The Court began by reading over the relevant Act, order, and notification provisions. It was stated at the outset that the word “shall” does not determine or conclude whether a provision is mandatory or directory; rather, one must determine this by inferring the legislative intent from the design, nature, and scope of the statute, as well as the implications of choosing one course over another. The Hon’ble Court went on to say that a provision could be considered to be directive if: 

a) the need of one provision for the contingency of another has not been observed; and

b) there would be general prejudice and inconvenience to the general public if the said Act of Executive were to be declared invalid for failing to comply with those two conditions.

The Court then went on to define three kinds of laying procedure, generally employed by the legislature to keep a check on delegated legislation, which were also reiterated in latter judgements and are as follows:

  1. Laying without further procedure: This is the simple laying where the delegated legislation comes into force immediately after laying before legislature. It casts a duty upon executive to merely notify the legislature of the delegated legislation so formulated and therefore, is simply of directory character.
  2. Laying subject to negative resolution: In this laying method, delegated legislation becomes effective as soon as it’s presented to the legislature, but it can be nullified within forty days if either House of Parliament decides to annul it.
  3. Laying subject to affirmative resolution: This refers to a positive laying approach, where delegated legislation takes effect only after both Houses of Parliament have given their approval. While there’s no specified time limit, it’s expected that the legislature acts promptly. However, the mandatory adherence and time-consuming process can undermine the core purpose of delegated legislation. Therefore, it’s recommended to use this method sparingly, especially when the delegated legislation essentially constitutes drafting the Act itself.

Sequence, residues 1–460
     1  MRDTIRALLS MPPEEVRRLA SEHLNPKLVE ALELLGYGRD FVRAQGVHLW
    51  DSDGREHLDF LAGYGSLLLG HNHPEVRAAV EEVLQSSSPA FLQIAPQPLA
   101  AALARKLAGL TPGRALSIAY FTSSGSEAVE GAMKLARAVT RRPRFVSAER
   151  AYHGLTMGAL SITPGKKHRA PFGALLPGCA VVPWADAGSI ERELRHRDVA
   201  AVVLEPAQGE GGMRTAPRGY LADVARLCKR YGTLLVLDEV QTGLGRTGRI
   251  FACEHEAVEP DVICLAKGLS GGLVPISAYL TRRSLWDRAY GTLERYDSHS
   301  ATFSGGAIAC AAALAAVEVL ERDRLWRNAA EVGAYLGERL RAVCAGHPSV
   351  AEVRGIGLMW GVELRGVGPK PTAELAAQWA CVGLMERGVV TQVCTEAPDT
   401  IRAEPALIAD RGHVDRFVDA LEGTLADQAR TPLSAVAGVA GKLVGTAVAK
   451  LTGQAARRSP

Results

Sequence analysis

The Court determined that Section 3(6) of the Act merely instructs the administration to put an order before Parliament after carefully examining it. It is not susceptible to affirmative or negative decision, and the Parliament is in no way given the authority to revoke an order enacted in accordance with S. 3. Furthermore, the disputed provision makes no mention of a deadline for adhering to the laying method. Last but not least, it makes no provision for penalties for non-compliance. As a result, the provision in question allows for straightforward laying and is hence purely directory in nature.


India’s administrative law isn’t specifically codified, which also applies to the process of presenting delegated legislation to the legislature. However, it is usually seen as the rule in India. Through the current case, the honourable Justices Raja Jaswant Singh, P.S. Kailasam, and S. Murtaza Fazal Ali defined many legal principles in this regard. While examining the legislative intent behind the creation of this regulation, the Apex Court placed a lot of attention on how the term “shall” should be interpreted in S.3(6) of the Essential Commodities Act. This explanation, in my opinion, is a good way to express the required nature of a law as the word “shall” is typically construed extremely strictly. The judges did a truly great job of carrying out their duty to interpret the law by taking into account the facts and circumstances of the case that was before them.